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House Favors Action Against Flag Burning

THURSDAY, JAN. 26, 1995

Washington lawmakers asked Congress on Wednesday to make it illegal to physically desecrate the U.S. flag.

The state House voted, 76-19, to approve a resolution, HJM4000, asking Congress to propose a constitutional amendment against flag burning and other forms of desecration.

Rep. John Pennington, R-Battle Ground, said flag burning is a “slap in the face to every veteran who has served their country.”

Rep. Bob Basich, an Aberdeen Democrat, agreed. “We should support this measure to honor all veterans living or dead,” Basich said.

But others disagreed, saying that burning the flag is free speech, protected under the Constitution.

“If we are free to wave the flag, we must be free to burn the flag,” said Rep. Julia Patterson, D-Seattle.

Rep. Sandra Romero, D-Olympia, said that to her, desecration means more than just burning the flag. She said it also includes using the flag for commercial purposes.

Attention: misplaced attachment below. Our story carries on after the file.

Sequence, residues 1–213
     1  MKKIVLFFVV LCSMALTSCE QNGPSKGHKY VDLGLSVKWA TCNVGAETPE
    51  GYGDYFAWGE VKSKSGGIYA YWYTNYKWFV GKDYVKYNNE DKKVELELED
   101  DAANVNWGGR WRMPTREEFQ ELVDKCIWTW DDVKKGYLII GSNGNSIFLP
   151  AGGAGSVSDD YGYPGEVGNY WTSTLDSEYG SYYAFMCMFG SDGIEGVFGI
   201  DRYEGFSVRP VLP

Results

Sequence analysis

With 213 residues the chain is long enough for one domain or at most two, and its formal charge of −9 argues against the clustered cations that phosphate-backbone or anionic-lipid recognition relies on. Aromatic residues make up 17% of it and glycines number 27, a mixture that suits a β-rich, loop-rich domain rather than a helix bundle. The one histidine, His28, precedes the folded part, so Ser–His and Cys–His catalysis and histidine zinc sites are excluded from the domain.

“Ties, T-shirts or beach towels that display the American flag, to me, are acts of desecration, but we are able to do these things because of freedom of expression,” she said.

The measure now goes to the state Senate for its vote.

Congress passed the Flag Protection Act of 1989 which made it a crime to burn the flag. But the law was overturned in 1990 by the U.S. Supreme Court on grounds that it violated free-speech rights guaranteed by the First Amendment.

So far, 44 states have asked Congress to propose an amendment against flag burning.


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